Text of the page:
— Medical

Miniature oxygen generator implants to boost effectiveness of cancer treatments

Some cancers, such as pancreatic and cervical cancers, are notoriously hypoxic, which means they contain low oxygen levels. Because radiation therapy needs oxygen to be effective, hypoxic areas of a tumor can be difficult to kill. To combat this, researchers at Purdue University have developed and tested a miniature electronic device that is designed to be implanted into solid tumors to generate oxygen and boost the effectiveness of radiation and chemotherapy treatments. Read More
— Science

Termite guts could provide a way to produce biofuel from woody biomass

Ethanol is the most commonly used biofuel worldwide and is made by fermenting the sugar components of plant materials, usually sugar and starch crops such as sugar cane, corn and wheat. The difficulty in accessing the sugars contained in woody biomass, coupled with criticism that the use of food crops for biofuel production has a detrimental effect on the food supply has prompted research into biofuels that can be made from cellulosic biomass, such as trees and grasses. By looking at the digestive system of termites, researchers have now discovered a cocktail of enzymes that unlocks access to the sugars stored within the cells of woody biomass that could help make it a more viable source of biofuels, such as ethanol. Read More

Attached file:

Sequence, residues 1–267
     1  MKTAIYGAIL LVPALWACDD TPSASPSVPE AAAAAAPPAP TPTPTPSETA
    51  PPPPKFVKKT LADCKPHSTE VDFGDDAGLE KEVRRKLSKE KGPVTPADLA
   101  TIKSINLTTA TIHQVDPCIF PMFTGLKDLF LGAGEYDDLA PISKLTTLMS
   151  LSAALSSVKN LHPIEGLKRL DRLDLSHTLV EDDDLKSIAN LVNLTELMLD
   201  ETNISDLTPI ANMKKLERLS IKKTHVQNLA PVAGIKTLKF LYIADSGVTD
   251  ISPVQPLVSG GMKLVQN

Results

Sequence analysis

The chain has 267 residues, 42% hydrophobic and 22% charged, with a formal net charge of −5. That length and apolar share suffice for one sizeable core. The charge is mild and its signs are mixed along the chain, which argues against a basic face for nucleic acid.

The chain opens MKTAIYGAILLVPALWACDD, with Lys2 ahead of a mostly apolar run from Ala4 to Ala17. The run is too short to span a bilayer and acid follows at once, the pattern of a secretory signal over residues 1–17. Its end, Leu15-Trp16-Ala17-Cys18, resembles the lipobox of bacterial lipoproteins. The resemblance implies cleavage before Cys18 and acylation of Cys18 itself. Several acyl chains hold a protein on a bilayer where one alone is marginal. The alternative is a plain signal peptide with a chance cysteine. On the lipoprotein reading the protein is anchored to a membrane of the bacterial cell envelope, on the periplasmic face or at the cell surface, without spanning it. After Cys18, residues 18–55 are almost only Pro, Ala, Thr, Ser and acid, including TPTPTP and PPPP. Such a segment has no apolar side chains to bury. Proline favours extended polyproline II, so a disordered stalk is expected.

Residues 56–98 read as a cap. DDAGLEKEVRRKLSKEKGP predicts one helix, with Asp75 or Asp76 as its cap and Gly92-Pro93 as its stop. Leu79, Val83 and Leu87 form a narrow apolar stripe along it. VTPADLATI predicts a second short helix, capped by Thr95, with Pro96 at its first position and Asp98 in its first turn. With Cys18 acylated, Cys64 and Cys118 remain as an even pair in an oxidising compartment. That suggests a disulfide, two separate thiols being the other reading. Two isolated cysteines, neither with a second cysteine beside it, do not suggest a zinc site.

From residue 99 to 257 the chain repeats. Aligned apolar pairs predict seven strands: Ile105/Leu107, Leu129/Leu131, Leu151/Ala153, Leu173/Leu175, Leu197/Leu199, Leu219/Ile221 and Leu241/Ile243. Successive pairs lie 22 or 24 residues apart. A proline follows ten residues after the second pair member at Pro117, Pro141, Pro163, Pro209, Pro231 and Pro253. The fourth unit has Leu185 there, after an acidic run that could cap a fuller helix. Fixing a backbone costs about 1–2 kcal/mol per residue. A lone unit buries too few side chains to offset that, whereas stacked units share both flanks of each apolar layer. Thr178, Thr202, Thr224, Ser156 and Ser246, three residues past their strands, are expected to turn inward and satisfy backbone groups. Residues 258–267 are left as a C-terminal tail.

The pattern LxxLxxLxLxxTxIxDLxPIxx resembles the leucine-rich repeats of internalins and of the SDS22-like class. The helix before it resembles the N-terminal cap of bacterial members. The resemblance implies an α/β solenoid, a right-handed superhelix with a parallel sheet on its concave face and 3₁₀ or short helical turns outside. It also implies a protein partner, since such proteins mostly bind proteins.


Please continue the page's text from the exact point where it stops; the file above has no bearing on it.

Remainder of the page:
— Science

Computer vision system recognizes 3D objects via heat diffusion

When we see a hand, regardless of whether it's open, in a fist, or pointing a finger, we still recognize it as a hand. If a computer has only been taught to recognize an open hand, however, it will probably have no idea what a fisted hand is. Getting computer vision systems to interpret images more like people do - to realize that a fist is a hand, for instance - has been one of the aims of artificial intelligence researchers for some time now. Things in that field may be about to take a step forward, however, as scientists from Indiana's Purdue University have just announced two new methods of three-dimensional object recognition, both based around heat diffusion. Read More